Investigating the Co-Regulatory Role of Midline and Extramacrochaetae In Regulating Eye Development and Vision in Drosophila melanogaster
Date of Award
Honors College Thesis
The Honors thesis research focused on the roles of extramacrochaetae and midline in regulating eye development and the vision of Drosophila melanogaster. It is known from previous studies that extramacrochaetae (emc) and midline (mid) independently regulate the formation of ommatidial units in the Drosophila compound eye. However, the thesis focuses on the interaction of these two genes and their co-dependent roles in regulating eye development. This study also attempts to explain the recovered formation of ommatidial units and interommatidial bristles when the expression of both of these genes is reduced and whether flies doubly mutant for these genes have recovered phototactic ability. Specific genotypes of flies were subjected to larval and adult phototaxis assays to assay their phototactic ability. A Western analysis was performed on extramacrochaetae mutants, midline mutants, and wild-type flies to determine whether the Emc and Mid proteins interacted in a co-regulatory fashion within developing larval tissues.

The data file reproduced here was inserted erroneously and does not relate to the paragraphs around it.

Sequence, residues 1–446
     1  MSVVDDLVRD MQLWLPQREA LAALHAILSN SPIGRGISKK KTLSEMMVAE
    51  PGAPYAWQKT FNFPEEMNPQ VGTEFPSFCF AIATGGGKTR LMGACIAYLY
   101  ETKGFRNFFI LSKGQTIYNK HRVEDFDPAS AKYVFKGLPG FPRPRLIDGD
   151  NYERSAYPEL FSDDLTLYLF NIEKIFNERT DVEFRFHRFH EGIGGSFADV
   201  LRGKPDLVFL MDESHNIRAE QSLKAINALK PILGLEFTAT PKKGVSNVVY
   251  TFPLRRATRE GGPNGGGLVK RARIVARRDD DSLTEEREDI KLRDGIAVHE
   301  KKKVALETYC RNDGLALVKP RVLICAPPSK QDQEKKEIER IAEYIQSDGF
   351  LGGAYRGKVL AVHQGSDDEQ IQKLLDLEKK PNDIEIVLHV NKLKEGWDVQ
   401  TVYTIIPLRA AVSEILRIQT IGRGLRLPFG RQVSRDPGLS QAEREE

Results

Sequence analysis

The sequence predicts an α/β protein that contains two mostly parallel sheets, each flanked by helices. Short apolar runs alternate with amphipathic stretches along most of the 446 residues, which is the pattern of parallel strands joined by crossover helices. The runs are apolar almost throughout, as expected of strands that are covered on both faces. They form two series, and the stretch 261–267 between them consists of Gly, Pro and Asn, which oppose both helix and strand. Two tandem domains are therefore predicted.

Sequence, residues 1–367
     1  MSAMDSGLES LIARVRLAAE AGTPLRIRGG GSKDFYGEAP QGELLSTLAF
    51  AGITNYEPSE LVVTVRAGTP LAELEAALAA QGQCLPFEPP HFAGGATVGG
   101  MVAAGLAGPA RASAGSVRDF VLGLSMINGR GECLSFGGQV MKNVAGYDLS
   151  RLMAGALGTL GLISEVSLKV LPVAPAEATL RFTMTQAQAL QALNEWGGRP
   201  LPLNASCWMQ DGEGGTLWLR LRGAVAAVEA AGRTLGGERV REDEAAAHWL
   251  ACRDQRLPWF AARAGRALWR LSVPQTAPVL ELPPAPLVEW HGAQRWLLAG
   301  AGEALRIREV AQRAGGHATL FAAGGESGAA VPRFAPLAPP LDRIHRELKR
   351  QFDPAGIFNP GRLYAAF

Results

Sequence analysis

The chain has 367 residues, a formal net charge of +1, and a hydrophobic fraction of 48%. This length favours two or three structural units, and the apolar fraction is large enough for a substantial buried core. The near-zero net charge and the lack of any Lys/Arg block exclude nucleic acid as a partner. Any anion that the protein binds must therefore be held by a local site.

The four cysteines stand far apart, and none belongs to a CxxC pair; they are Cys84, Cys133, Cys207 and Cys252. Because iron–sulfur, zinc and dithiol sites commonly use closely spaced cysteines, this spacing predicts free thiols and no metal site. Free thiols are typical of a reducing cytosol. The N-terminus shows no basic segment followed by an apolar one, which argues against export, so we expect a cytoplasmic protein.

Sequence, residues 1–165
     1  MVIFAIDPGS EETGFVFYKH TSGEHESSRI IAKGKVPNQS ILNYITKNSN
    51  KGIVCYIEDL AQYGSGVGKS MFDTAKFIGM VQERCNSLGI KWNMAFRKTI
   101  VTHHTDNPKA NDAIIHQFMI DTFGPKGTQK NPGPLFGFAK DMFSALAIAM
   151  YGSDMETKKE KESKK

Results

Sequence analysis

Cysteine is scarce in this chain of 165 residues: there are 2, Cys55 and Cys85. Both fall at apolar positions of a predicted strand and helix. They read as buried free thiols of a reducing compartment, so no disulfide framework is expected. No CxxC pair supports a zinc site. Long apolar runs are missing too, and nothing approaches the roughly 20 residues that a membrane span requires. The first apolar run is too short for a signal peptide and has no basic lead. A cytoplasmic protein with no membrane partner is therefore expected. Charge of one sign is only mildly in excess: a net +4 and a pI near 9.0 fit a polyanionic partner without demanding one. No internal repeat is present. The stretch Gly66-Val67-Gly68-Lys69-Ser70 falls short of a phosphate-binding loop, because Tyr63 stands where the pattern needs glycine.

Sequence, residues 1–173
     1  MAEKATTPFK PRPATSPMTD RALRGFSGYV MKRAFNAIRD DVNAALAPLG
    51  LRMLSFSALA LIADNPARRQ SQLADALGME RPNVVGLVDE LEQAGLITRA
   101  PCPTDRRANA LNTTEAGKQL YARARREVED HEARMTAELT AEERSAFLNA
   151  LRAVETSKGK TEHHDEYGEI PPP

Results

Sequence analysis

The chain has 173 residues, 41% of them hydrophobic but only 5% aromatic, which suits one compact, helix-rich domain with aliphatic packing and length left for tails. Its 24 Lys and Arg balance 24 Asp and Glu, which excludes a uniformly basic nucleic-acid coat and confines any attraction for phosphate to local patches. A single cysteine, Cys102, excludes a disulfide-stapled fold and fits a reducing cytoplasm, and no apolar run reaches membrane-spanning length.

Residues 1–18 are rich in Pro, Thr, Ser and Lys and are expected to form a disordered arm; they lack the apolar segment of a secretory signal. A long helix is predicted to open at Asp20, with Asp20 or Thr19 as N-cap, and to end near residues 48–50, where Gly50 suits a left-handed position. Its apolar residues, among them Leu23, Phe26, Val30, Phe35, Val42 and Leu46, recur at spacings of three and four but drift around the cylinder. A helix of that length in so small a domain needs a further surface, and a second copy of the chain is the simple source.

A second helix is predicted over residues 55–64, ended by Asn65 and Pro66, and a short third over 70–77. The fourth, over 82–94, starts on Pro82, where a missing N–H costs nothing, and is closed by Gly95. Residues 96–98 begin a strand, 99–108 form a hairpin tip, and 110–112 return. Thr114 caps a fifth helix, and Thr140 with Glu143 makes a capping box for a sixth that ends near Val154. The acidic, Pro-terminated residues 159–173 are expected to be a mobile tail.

The larval phototaxis assays revealed a slight decrease in photoreception in the mid-RNAi larvae when compared to the wild-type larvae. However the data was not conclusive to definitively determine if the mid-RNAi mutants displayed a significant decrease in photoreceptive ability. The adult phototaxis assays were more definitive than the larval assays. The emc1 flies displayed a slight decrease in photoreceptive ability. Both the mid-RNAi and the flies doubly mutant for midGA174 and emc1 displayed a significant decrease in photoreceptive ability. The Western blot and immunofluorescence studies revealed an interaction between mid and emc, and the future nature of this interaction will be resolved in greater detail
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Forstall, Lillian M., "Investigating the Co-Regulatory Role of Midline and Extramacrochaetae In Regulating Eye Development and Vision in Drosophila melanogaster" (2014). Honors Theses. 236.